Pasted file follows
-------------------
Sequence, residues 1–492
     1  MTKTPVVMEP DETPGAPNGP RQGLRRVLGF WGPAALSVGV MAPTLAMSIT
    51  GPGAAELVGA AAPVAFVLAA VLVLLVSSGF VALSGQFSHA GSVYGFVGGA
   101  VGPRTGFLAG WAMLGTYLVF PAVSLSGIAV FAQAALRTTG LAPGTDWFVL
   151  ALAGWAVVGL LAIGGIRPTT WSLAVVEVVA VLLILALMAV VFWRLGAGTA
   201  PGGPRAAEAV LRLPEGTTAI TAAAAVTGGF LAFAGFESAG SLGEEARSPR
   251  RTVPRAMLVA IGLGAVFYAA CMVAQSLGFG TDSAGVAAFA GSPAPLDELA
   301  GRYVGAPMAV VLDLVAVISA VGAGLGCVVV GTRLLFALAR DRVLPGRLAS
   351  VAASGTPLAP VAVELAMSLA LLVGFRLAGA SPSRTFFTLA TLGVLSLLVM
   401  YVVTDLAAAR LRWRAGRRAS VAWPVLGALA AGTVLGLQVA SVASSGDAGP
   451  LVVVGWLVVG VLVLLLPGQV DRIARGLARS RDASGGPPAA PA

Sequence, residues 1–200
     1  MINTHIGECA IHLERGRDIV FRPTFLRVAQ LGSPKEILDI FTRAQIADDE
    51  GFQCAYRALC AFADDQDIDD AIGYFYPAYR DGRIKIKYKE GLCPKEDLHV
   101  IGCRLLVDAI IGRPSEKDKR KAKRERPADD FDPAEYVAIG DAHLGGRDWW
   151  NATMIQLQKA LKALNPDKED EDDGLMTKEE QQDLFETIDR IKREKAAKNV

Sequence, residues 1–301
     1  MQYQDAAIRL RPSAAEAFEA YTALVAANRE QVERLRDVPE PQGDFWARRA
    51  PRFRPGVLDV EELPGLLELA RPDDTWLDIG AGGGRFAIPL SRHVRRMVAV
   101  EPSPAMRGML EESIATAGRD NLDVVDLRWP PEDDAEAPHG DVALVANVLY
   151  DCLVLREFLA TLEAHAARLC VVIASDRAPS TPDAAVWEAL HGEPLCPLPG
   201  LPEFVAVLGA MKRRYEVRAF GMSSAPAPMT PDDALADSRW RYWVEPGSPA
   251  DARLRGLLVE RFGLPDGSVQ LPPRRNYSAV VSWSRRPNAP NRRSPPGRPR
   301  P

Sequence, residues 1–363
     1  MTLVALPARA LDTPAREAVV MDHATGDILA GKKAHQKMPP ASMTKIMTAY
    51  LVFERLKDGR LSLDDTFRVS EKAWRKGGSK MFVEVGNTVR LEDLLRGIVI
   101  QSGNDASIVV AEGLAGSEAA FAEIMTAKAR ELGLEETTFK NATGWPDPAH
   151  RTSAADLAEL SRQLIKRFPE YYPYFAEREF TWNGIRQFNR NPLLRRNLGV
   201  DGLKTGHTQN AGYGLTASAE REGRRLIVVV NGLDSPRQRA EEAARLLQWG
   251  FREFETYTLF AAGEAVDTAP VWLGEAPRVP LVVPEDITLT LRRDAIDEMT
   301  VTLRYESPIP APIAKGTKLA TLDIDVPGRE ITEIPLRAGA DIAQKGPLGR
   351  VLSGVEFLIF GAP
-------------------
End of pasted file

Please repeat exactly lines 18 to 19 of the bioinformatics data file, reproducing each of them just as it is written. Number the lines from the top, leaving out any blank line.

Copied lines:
     1  MQYQDAAIRL RPSAAEAFEA YTALVAANRE QVERLRDVPE PQGDFWARRA
    51  PRFRPGVLDV EELPGLLELA RPDDTWLDIG AGGGRFAIPL SRHVRRMVAV